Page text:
Bake in 205C/400F hot oven until the pastry has started to rise, about 10 minutes in. Reduce the temperature down to 190C/375F until golden on top, about 20 more minutes. Check that the bottom is crispy, not soggy. If the bottom is still soft, move the tray to the bottom of the oven and let cook in residual heat.

Best served hot with dollop of cream/crème fraîche/ice cream.

apple cinnamon layer cake w/ pear compote

I made a nice cake today.

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It’s the time of year where our favourite fruit – mangoes are starting to come in, other fruits will have to make do while we impatiently await its peak when we can buy them by the tray. In fact, we’re so obsessed that one year my sister requested sliced mangoes on a plate instead of cake; and one time we used the power cut as an excuse to scarf down 5+ refrigerated mangoes before they would supposedly go bad: electricity was back in a mere hour. I imagine there’ll be plenty of opportunity to profess my love for the amazing goodness that is mangoes, but today belongs to the classic apple.

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The idea of apple crisps came from the ever-inspiring Poires au Chocolat. Slow-baked apple thins sprinkled with raw sugar and cinnamon – Emma brushed hers with sugar water but I a) was too lazy and b) thought the larger crystals of raw sugar would add crunch. The sugar, of course, dissolved into the apples – the slightly more complex flavour was the consolation prize.

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I wasn’t too keen on the frosting masking the brown-buttery fruitiness, but still wanted to balance the sweet compote with creaminess in the form of the last of the homemade mascarpone. Speaking of compote, the tender chunks of vanilla-infused pear add a layer of depth texture-wise, contrasted with the grated apple in the cake.

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I don’t know if there’s a discernible difference in the pictures today ̶c̶o̶s̶ ̶t̶h̶e̶y̶ ̶a̶l̶l̶ ̶l̶o̶o̶k̶ ̶s̶h̶i̶t̶ ̶t̶o̶ ̶m̶e̶ , but I did actually use a real camera today. A 10+ y.o. Olympus, but still.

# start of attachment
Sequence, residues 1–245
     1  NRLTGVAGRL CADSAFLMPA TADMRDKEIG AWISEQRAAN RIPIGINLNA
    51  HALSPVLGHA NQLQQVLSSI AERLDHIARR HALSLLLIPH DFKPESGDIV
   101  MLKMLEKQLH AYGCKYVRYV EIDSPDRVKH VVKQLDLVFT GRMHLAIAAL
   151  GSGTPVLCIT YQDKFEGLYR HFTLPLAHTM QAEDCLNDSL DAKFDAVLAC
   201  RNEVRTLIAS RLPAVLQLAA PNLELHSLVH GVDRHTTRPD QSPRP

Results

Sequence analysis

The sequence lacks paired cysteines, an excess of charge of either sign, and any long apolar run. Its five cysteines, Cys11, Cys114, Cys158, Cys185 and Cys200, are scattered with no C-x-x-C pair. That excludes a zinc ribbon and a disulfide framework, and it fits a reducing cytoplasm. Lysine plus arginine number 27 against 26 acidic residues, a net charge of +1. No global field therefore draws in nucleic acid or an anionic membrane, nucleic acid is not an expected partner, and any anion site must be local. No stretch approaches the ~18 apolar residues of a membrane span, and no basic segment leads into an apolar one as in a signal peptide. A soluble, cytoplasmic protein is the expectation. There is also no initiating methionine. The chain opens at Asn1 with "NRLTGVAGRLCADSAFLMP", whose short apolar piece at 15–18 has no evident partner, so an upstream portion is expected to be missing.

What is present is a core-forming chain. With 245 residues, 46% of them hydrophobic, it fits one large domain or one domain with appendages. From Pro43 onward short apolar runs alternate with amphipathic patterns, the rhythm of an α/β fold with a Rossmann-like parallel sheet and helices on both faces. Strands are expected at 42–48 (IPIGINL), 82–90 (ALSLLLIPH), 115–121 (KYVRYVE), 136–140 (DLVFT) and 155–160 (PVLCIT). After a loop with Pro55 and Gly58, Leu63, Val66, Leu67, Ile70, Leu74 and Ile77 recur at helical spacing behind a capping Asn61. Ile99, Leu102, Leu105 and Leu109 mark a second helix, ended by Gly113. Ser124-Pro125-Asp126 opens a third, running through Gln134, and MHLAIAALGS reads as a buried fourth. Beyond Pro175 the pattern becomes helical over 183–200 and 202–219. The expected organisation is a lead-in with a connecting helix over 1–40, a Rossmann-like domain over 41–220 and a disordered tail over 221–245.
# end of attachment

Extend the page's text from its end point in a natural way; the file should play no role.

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More than often I’m struck with sonder – the realisation that every passerby has a life as complicated, full and real as mine, revolving around countless people and memories special to themselves. It’s the kind of deep stuff I think to myself when stuck in traffic on the bus for 40+ mins – that happened on Thursday.

One of my favourite people who I’m lucky enough to be friends with has commissioned me to make their birthday cake. I was completely ecstatic and honoured, and I still am, but still have a very hazy idea of what it’s going to be. The specifications were only: vanilla, chocolate and caramel with no frosting on the sides. Good thing I still have a month to brainstorm, but any ideas would be really appreciated.


Apple cinnamon layer cake w/ pear compote
(makes a teeny 5″ 3-layer cake)

For the brown butter apple cake:
60g unsalted butter
20g coconut oil (or other lightly flavoured vegetable oil)
80g brown sugar
1/4 tsp salt
78g whole eggs
1/2 tsp vanilla
75g plain flour
35g cake flour
1/4 tsp baking powder
1/4 tsp baking soda
50g buttermilk (or 25g milk + 25g plain yogurt)
120g grated apple (~1 huge apple or 2 small)

For the cinnamon mascarpone frosting:
100g mascarpone
1 tsp lemon juice
10g icing sugar
1/4-1/2 tsp cinnamon, to taste

For the caramel pear compote:
1 heaped tbsp unsalted butter
1 tbsp brown sugar
1 medium/large pear, cut into small 1cm chunks
pinch of cardamom
1/2 tsp vanilla bean paste

Prepare the apple crisps so they can bake while they oven’s preheating and the batter is being mixed. Place slice of apple (no more than 3mm) on a baking tray and lightly sprinkle with raw sugar and cinnamon on top. Put in the oven at 130C/265F and bake until dry and crisp, about 30 mins. Flip the crisps halfway and sprinkle the other half with cinnamon too. Pull the tray out and turn up to 180C/350F.

As with any great cake, start by browning the butter in a pot large enough for the entire batter. Melt butter over medium heat, cover with lid and let it turn brown on medium heat. It’s ready when it’s turned a deep golden colour and stopped splattering. Add the oil, sugar and salt while still hot. Let cool down and add the eggs (to weigh partial eggs, crack and beat 2 eggs until homogenous first) and vanilla. Sift in the flour, baking powder and soda, stir just until no more flour is visible. Stir in the buttermilk, and lastly the grated apple (with most of the juice squeezed out).

Pour batter into a lined 5″ tin and bake in the preheated oven for about 25 mins or until done. Cool completely before assembling.

To make the frosting, stir the mascarpone with lemon juice until smooth, then sift in the icing sugar and cinnamon and stir until combined. Keep in the fridge until assembly.

For the compote, heat the butter on medium heat until melted and bubbly. Add the pear and let caramelise slightly, then stir and add the sugar and vanilla and cardamom. Let the pear soften (only one way to test it) until tender but not falling apart, about 8 mins. Let it cool completely.

To assemble, slice the cake into however many layers you like (2 to 4 for my pan size). Spread on 1/2, 1/3 or 1/4 of the frosting on the bottom layer, depending on the number of cake layers. Distribute the frosting so that it forms a rim on the outside so that the inside can contain the pear compote. Repeat up to the top layer, where instead of compote, arrange apple crisps prettily.